Illinois County Unemployment:

IDES prepares a county-level unemployment map for each month. Visit the Bureau of Labor Statistics for unemployment data at the county level for each of the past 14 months.

Measuring Unemployment


A key indicator of labor market status for a state, county, or city is the unemployment rate.  The definition of unemployed according to the U.S. Bureau of Labor Statistics is a person who, “is without work, available for work, and has actively searched for work.”  Although the “official unemployment rate” cited most often by the government is defined as, “the total unemployed persons, as a percent of the civilian labor force,” this measurement is only one of six used by the government to understand labor underutilization.  The chart below defines all six of the measurements.

For more information see this report on unemployment measurements from the Bureau of Labor Statistics.

Measure of Labor Underutilization Definition
U-1 Person unemployed 15 weeks or longer, as a percent of the civilian labor force.4The civilian labor force is the sum of the employed plus the unemployed. The employed are all persons who, during the reference week, a) did any work at all as paid employees, worked in their own business, profession, or on their own farm, or worked 15 hours or more as unpaid workers in an enterprise operated by a member of their family, and b) all those who were not working but who had jobs or businesses from which they were temporarily absent.  The unemployed are a) persons who had no employment during the reference week, were available for work, except for temporary illness, and had made specific efforts to find work sometime during the 4-week period ending with the reference week, and b) persons who were waiting to be recalled to a job from which they had been laid off, regardless of whether they have been looking for work.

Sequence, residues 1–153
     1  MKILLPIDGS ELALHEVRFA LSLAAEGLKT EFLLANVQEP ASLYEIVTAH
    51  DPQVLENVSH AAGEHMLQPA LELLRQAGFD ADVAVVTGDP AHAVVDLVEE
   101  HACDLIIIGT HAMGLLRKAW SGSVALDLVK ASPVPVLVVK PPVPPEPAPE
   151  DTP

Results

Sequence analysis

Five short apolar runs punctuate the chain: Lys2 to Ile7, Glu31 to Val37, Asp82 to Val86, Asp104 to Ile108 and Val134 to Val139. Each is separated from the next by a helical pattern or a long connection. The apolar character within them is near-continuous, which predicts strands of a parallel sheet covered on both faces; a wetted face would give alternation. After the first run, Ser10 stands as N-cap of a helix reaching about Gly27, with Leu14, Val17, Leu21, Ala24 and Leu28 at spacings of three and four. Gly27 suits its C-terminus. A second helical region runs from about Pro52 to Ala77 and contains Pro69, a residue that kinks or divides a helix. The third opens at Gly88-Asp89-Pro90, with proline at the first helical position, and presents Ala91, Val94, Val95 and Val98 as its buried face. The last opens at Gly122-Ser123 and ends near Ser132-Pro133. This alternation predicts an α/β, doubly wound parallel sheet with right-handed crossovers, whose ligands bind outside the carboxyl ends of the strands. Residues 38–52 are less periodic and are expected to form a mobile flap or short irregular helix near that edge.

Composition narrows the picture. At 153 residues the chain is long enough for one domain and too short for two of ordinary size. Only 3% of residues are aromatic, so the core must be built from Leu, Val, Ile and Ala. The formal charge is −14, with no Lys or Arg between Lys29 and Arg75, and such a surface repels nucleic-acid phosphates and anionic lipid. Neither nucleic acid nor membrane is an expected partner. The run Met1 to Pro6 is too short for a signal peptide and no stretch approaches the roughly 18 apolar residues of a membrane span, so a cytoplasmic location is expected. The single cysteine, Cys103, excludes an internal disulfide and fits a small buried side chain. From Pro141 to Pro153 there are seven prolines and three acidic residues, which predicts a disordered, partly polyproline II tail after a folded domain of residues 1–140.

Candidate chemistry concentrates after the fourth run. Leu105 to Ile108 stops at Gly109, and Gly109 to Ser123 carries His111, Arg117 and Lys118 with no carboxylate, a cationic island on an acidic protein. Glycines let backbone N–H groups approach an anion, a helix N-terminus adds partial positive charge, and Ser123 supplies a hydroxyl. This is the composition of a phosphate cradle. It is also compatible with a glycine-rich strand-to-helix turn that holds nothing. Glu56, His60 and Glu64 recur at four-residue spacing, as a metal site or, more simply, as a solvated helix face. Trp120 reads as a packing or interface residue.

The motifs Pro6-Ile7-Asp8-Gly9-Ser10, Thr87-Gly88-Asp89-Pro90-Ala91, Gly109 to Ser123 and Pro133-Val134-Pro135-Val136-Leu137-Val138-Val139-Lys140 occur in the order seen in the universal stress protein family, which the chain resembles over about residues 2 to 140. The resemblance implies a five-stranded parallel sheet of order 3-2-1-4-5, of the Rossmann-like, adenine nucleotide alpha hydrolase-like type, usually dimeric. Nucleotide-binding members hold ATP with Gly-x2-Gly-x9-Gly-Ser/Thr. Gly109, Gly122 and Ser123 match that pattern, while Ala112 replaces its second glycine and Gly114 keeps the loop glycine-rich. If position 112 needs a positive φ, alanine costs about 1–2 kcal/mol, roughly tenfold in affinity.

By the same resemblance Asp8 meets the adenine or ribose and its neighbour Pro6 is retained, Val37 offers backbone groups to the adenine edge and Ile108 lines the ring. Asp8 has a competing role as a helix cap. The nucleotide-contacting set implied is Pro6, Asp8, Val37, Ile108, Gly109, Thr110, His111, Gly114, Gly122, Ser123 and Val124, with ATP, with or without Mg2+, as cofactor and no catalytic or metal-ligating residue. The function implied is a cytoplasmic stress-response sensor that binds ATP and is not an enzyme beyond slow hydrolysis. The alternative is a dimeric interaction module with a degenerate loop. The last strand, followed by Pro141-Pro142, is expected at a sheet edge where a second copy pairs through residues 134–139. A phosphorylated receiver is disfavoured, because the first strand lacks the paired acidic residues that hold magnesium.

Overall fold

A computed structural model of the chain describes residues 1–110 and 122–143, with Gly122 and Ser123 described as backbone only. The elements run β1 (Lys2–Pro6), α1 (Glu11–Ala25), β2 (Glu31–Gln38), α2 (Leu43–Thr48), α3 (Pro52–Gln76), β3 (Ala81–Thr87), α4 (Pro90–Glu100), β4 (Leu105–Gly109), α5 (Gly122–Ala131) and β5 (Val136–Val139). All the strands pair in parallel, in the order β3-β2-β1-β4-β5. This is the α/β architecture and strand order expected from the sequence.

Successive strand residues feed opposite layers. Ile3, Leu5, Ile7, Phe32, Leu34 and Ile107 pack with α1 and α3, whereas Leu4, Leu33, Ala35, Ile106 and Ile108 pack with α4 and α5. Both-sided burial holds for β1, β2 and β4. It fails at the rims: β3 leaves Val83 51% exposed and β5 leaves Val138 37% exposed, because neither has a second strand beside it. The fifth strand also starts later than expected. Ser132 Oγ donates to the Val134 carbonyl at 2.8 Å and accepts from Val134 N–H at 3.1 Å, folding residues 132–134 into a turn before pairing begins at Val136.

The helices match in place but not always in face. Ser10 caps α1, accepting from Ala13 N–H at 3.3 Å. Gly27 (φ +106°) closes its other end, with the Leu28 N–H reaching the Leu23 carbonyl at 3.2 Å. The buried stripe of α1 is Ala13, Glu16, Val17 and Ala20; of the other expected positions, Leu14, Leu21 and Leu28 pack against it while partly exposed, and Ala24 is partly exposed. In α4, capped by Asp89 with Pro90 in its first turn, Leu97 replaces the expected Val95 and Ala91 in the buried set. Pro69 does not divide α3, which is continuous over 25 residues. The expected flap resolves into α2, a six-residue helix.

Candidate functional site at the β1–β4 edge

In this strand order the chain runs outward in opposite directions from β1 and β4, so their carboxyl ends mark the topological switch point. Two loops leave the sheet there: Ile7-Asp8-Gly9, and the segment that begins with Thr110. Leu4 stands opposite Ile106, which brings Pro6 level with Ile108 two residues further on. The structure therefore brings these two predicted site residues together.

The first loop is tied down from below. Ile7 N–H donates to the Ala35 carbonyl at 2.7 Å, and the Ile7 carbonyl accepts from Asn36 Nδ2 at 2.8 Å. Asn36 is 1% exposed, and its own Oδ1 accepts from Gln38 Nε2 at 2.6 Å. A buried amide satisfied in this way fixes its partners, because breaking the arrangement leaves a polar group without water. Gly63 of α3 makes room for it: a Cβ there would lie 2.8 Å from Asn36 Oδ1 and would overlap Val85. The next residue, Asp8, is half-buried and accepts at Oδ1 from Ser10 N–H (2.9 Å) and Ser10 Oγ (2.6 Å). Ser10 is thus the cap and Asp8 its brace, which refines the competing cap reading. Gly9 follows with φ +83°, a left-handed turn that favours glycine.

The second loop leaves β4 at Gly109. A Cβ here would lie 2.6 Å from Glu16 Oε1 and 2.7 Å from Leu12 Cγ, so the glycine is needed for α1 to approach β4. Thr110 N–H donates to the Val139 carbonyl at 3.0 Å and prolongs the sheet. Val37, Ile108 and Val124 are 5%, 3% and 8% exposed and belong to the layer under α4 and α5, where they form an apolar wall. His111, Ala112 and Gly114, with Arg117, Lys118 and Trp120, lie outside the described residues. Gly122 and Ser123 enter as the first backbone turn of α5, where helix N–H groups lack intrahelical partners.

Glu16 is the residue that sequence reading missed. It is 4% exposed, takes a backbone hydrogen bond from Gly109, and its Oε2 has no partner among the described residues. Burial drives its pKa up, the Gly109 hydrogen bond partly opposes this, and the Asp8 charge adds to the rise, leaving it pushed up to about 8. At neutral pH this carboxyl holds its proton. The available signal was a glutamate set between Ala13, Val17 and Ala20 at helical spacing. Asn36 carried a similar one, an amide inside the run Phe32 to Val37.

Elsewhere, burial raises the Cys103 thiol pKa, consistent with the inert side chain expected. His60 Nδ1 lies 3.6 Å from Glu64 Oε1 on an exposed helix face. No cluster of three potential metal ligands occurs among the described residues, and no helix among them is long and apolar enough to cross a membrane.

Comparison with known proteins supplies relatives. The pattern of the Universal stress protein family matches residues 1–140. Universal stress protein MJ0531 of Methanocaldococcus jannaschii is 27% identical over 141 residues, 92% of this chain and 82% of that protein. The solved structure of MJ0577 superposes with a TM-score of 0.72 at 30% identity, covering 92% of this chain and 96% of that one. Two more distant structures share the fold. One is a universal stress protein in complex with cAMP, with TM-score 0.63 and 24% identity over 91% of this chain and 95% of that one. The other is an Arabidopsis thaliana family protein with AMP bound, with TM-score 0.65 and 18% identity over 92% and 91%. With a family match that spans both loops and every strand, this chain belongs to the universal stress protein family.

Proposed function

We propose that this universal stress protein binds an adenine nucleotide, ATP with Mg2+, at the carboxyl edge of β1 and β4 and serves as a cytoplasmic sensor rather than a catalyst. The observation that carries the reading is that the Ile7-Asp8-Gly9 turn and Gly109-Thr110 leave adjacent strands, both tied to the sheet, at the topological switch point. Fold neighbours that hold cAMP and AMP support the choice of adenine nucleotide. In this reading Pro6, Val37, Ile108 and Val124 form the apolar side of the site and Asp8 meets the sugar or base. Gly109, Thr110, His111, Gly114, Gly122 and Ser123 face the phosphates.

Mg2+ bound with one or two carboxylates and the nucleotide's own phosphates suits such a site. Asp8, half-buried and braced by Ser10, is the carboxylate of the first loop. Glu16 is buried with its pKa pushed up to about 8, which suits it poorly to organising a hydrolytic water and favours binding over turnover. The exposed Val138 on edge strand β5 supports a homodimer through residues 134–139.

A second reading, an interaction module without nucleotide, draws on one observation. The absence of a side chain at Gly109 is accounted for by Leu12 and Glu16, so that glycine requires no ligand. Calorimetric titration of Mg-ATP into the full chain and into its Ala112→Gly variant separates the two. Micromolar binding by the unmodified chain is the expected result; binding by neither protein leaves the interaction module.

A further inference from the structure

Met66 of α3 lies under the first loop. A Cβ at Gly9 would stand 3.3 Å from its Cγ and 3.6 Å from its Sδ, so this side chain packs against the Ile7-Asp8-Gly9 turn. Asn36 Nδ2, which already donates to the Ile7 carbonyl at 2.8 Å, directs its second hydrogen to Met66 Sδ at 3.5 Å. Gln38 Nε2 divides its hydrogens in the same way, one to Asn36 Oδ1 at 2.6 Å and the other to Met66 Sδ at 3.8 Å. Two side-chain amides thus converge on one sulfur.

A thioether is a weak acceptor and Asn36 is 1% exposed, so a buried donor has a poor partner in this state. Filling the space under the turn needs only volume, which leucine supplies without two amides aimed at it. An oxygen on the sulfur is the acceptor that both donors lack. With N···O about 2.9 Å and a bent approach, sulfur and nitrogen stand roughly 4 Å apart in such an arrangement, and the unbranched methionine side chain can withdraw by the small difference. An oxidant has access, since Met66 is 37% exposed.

U-2 Job losers and persons who completed temporary jobs, as a percent of the civilian labor force.
U-3 (Official Unemployment Rate) Total unemployed persons, as a percent of the civilian labor force.
U-4 Total unemployed persons plus discouraged workers,5Discouraged workers are a subset of the marginally attached. They must report they are not currently looking for work for one of four reasons.  1) They believe no job is available to them in their line of work. 2) They had previously been unable to find work. 3) They lack the necessary schooling, training, skills or experience. 4) Employers think they are too young or too old, or they face some other type of discrimination. as a percent of the civilian labor force plus discouraged workers